Monday, June 07, 2021

Videoed Lecture Maps

In the early years of the Google Maps API there were quite a few experiments where developers synchronized a video to a map. These early video maps usually consisted of a video of a trip or journey (for example a train journey) which was synchronized to a map - so that the exact location depicted in the video is always being shown on the accompanying map. 

For example in 2010 created a video map of the Trans Siberian Express. In this video map (which no longer seems to exist) a video presented a view of Russia, shot from on board the Trans Siberian Express. As the video played the location being shown was automatically updated on the accompanying Google Map in real time. 

These video maps of journeys were a little gimmicky and never really became popular. I guess if you are watching a video of the Trans Siberian Express it is enough to know that it was shot in Russia. You don't really  need to know at all times the exact location being shown in the video. 

The Leventhal Map & Education Center at the Boston Public Library has now devised a valid and appropriate use case for synchronized video maps.The library's new MovieMaps tool synchronizes a video discussion about one of the vintage maps in the library's collection with an interactive version of the actual map. The result is a videoed lecture about an historical map which is accompanied by an interactive version of the map itself. A map which pans and zooms to illustrate the points being made in the video.

You can view MovieMaps in action on City and Country in the Trolley Decades. This introductory MoveMap features Garrett Dash Nelson talking about a 1905 trolley wayfinding map. In the video Garrett talks about how the map provides an insight into the early 20th Century infrastructure of Boston. As he talks the interactive map pans and zooms to illustrate the videoed lecture. Of course, because the map is interactive, you can pause the video at any time and explore the map in detail for yourself.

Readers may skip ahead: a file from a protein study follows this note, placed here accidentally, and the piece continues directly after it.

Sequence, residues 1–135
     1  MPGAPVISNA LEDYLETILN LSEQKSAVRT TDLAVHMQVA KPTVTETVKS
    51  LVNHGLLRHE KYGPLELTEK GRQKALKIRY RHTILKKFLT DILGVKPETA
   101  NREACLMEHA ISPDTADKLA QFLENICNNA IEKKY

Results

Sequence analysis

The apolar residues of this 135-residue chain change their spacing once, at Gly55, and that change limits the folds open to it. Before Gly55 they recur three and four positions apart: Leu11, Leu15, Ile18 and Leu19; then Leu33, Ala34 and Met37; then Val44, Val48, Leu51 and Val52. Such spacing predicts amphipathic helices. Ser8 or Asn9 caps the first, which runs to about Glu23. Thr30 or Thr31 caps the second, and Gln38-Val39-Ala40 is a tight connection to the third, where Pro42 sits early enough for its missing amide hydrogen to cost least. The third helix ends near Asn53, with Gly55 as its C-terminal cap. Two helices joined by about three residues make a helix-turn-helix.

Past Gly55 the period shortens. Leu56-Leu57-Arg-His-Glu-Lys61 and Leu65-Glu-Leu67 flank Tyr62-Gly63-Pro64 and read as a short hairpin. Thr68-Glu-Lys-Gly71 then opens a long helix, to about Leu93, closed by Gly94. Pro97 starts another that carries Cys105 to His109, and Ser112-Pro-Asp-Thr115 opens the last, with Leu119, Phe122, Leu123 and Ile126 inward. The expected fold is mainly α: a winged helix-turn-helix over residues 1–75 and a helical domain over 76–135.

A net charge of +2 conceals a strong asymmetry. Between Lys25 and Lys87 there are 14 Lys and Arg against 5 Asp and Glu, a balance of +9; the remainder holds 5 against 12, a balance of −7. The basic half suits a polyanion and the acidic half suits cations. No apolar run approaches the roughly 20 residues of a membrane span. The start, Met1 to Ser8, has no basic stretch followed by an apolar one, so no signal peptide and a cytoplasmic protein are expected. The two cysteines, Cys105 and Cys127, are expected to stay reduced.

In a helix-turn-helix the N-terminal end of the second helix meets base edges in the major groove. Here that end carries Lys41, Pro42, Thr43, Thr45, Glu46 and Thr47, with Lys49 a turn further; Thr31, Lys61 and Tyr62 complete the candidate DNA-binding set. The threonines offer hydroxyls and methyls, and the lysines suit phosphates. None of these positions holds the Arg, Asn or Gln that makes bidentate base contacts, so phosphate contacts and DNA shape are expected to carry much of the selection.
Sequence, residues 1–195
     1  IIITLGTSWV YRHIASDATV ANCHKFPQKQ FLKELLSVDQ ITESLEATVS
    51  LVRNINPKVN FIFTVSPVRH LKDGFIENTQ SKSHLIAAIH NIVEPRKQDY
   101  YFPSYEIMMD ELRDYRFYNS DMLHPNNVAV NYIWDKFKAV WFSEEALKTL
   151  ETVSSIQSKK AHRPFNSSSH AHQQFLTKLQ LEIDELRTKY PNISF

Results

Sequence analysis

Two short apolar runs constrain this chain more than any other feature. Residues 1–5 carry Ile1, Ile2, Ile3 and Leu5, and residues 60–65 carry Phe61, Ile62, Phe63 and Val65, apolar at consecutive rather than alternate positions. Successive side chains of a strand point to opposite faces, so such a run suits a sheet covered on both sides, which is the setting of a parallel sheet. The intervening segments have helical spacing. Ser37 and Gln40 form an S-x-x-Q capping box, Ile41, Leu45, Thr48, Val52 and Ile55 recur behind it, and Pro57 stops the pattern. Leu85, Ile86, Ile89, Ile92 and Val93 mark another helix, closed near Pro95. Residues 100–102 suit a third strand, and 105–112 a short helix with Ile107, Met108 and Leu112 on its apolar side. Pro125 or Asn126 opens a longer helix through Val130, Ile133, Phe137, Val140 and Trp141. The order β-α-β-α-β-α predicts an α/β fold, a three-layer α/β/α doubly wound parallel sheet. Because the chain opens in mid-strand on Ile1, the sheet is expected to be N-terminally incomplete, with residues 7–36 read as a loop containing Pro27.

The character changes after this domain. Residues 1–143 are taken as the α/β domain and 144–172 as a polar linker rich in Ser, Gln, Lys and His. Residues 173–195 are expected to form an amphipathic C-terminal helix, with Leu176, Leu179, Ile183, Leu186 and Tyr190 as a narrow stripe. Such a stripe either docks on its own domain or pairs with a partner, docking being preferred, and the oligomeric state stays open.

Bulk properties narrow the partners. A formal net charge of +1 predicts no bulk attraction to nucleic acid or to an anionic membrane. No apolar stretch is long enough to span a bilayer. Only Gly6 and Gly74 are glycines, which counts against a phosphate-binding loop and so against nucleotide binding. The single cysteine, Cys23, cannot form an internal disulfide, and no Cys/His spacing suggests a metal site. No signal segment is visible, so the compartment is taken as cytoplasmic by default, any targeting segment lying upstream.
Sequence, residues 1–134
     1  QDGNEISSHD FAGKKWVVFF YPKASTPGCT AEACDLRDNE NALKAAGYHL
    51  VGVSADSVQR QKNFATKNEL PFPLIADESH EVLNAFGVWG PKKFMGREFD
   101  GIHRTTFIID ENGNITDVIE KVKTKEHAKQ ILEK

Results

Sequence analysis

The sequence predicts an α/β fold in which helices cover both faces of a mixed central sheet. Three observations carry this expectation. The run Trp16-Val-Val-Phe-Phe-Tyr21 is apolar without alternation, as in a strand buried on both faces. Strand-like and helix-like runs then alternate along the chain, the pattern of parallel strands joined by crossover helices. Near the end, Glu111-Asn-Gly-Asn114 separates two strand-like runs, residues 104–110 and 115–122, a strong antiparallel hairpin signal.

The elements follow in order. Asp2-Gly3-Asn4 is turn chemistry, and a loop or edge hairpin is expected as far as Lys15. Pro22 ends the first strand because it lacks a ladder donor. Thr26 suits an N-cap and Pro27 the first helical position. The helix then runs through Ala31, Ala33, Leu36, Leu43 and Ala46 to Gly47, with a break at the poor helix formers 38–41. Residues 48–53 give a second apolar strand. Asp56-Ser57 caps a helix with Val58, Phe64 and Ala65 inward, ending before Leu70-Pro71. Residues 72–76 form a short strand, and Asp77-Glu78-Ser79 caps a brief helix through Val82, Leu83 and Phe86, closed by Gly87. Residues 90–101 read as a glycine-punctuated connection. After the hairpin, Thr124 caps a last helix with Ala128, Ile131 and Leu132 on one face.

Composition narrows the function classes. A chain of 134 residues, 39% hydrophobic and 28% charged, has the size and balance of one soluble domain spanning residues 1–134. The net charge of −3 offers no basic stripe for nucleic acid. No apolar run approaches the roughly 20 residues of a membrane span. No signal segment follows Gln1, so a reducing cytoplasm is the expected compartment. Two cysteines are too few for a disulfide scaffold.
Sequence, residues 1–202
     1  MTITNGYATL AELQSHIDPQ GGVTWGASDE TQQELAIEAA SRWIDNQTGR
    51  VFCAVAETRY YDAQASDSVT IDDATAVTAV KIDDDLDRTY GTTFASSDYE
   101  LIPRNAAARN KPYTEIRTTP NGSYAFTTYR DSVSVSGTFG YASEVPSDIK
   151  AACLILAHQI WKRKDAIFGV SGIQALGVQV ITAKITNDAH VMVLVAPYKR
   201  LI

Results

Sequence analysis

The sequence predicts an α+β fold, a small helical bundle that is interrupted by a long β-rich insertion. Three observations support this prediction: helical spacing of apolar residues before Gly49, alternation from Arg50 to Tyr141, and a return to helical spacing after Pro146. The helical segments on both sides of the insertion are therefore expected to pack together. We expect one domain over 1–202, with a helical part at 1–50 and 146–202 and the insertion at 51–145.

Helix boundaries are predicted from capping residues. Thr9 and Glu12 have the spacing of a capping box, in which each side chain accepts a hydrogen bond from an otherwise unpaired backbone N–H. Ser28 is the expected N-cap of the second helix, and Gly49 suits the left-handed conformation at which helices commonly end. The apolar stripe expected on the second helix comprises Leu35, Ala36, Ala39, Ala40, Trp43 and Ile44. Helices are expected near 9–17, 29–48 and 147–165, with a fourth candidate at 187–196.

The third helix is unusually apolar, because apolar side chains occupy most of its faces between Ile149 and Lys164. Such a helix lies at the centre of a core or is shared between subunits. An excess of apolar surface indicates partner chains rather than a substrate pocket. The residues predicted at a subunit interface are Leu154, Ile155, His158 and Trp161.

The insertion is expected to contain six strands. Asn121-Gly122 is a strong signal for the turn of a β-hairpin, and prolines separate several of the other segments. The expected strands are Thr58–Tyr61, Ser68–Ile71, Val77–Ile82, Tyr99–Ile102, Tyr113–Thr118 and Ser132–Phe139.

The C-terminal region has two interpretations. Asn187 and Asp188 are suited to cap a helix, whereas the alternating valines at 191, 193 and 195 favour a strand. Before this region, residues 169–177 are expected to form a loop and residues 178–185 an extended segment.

As a huge fan of old maps I think that MovieMaps should prove to be a fantastic tool for learning more about vintage historical maps. I'm now waiting with bated breath for the Leventhal Map & Education Center to post their next lecture on a vintage map from the library's collection.


Unknown said...

Hi, I'm a beginner, an historian trying to catch up on the wonders of scrollytelling. Do you think the Library of Congress panoramic map collection--going back to the mid-1850s--could be used in the way your examples show? It could be amazing to show changing neighborhoods in cities and towns, demographics, ethnicity, race, etc. in ways that just can't be captured by words and still photos alone

Keir Clarke said...

You can use the Library of Congress maps with some ease. The LoC uses IIIF (look for the 'IIIF Presentation Manifest' link at the bottom of any individual map). This means that you could for example use the maps with the leaflet-iiif plug-in to create a story-map using the Leaflet.js mapping library.

Have a look at the story map I created from two London panoramas (to show how London changed after the fire of London) -

If you check out the Glitch link in this post you can actually clone my project and then change the IIIF manifest links in my example to the Library of Congress panoramas.

Eileen Scully said...

Thanks, Keir, for taking the time to answer in detail. I will give this a try.